Chapter 7 or Chapter 13?
Chapter 7 Bankruptcy
For those who qualify, Chapter 7 Bankruptcy is available to aid individuals and families struggling with credit card debt, payday loans, medical bills, and other types of unsecured debt. Chapter 7 Bankruptcy is commonly known as a “liquidation.” Once a Chapter 7 Bankruptcy case is filed, a Trustee is assigned to determine whether there are any assets in the debtor’s estate to “liquidate (sell)” and partially satisfy the debts owed to creditors.
Many assets are protected from the reach of the Trustee by applying what are called exemptions. In Illinois, a number of exemptions are available to consumers to protect their assets from being taken and liquidated. Because asset protection is so important, consulting with an attorney who can properly assess what exemptions apply is highly advisable.
In a “no asset” case, a Chapter 7 Bankruptcy discharges a consumer’s unsecured debts without requiring the consumer to pay anything to their creditors. Certain unsecured debts, however—including student loan debt, child support/spousal support payments, and most tax debt—do not qualify for a Chapter 7 Bankruptcy discharge. Nonetheless, for many debtors who qualify, Chapter 7 Bankruptcy is a worthwhile option to eliminate most unsecured debt, providing you with the fresh start and financial freedom you seek.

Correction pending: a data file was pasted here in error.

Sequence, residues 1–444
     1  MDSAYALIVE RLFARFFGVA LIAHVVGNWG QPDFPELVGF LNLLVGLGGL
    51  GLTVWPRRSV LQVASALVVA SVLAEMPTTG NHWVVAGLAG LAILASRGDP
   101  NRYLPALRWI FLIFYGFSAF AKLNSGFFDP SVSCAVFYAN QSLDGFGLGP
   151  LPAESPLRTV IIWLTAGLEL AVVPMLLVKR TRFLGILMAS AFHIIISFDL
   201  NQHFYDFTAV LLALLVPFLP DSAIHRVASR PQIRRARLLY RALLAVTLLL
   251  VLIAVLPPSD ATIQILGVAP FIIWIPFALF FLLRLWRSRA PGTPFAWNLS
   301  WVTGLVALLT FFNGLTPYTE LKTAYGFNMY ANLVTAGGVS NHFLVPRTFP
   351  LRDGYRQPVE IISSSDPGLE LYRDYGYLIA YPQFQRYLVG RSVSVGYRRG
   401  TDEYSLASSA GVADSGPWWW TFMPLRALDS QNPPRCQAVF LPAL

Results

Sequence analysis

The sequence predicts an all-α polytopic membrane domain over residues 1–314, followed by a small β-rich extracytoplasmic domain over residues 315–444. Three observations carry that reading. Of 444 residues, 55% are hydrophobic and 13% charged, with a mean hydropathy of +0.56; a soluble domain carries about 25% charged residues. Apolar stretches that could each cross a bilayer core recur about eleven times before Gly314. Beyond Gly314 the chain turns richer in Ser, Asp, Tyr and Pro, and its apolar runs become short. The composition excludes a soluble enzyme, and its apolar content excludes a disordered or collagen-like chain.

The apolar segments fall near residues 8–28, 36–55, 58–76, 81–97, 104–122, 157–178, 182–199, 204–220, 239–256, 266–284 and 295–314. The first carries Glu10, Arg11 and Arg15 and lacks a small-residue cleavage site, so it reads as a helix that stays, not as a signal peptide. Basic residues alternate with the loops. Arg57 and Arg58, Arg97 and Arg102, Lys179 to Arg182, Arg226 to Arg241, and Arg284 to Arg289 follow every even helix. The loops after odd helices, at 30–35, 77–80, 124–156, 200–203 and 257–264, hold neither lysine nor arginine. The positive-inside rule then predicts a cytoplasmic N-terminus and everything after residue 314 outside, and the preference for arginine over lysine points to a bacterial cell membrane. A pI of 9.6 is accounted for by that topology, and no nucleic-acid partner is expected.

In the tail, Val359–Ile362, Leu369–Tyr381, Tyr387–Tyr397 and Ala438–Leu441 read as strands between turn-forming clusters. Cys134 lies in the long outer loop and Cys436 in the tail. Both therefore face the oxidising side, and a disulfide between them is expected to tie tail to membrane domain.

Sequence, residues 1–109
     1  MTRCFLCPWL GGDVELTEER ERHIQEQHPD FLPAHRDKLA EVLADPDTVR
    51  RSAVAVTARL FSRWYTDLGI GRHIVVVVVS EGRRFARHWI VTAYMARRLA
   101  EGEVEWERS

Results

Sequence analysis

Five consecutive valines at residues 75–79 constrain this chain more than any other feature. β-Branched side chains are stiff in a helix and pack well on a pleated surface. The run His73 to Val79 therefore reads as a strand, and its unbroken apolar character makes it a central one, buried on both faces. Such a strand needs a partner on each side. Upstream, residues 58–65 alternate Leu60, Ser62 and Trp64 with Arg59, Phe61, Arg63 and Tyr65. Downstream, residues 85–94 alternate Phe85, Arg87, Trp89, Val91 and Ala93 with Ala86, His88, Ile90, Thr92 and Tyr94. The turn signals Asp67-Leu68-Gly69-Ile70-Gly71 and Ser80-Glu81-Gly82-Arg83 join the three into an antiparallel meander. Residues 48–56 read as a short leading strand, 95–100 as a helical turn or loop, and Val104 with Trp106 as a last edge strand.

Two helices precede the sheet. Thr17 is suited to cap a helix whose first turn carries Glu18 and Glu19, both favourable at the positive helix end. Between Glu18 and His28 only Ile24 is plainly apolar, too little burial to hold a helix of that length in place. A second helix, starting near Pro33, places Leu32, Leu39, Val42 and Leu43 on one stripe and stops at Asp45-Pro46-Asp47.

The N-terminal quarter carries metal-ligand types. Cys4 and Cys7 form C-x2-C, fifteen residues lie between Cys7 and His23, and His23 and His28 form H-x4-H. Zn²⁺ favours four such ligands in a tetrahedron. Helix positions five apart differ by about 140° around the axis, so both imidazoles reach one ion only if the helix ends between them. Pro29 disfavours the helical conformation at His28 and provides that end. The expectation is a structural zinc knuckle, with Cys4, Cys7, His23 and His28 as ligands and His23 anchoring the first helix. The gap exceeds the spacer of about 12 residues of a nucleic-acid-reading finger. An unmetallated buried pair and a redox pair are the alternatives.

Do I qualify?
In 2005, Congress enacted the Bankruptcy Reform Act, making it more difficult for consumers to file for a Chapter 7 Bankruptcy. This Act, also known as the “Bankruptcy Abuse Prevention and Consumer Protections Act,” focused on the Means Test as a way to determine eligibility. The Means Test uses a formula to analyze whether a person’s income is low enough to file for a Chapter 7 Bankruptcy.
If it turns out that you do not qualify under the Means Test to file for a Chapter 7 Bankruptcy, contact an attorney to discuss alternative debt relief options that may be available to you.
Chapter 13 Bankruptcy
A Chapter 13 Bankruptcy is otherwise known as a “reorganization.” When a Chapter 13 Bankruptcy is filed, a proposed Chapter 13 repayment plan is also filed along with the petition, or shortly thereafter. This plan requires a debtor to make monthly payments to the Trustee, who then distributes the payment among all the debtor’s creditors for a period of three to five years.
After the appropriate deadlines have passed, the Court determines whether the Chapter 13 Plan is approved, or confirmed. The Chapter 13 Plan is confirmed when all issues between the parties with respect to the Plan have been resolved. Once the Chapter 13 Plan has been confirmed, all parties are bound by the terms of the Plan.
The Trustee will hold the payments you make to him/her/them until the Chapter 13 Plan has been confirmed. Even after a Plan has been confirmed, the length of time established by the Plan may be shortened or lengthened, depending on a debtor’s individual circumstances. Chapter 13 Plans may also be modified due to changes in income or other life events. If, however, the Chapter 13 Plan is unsalvageable due to the inability to continue making planned payments, the Chapter 13 Bankruptcy Case will be dismissed. Creditors will then be entitled to resume their collection activity, including car repossession, home foreclosure, and the garnishment of wages.
About the Author
02/05/2019 | Illinois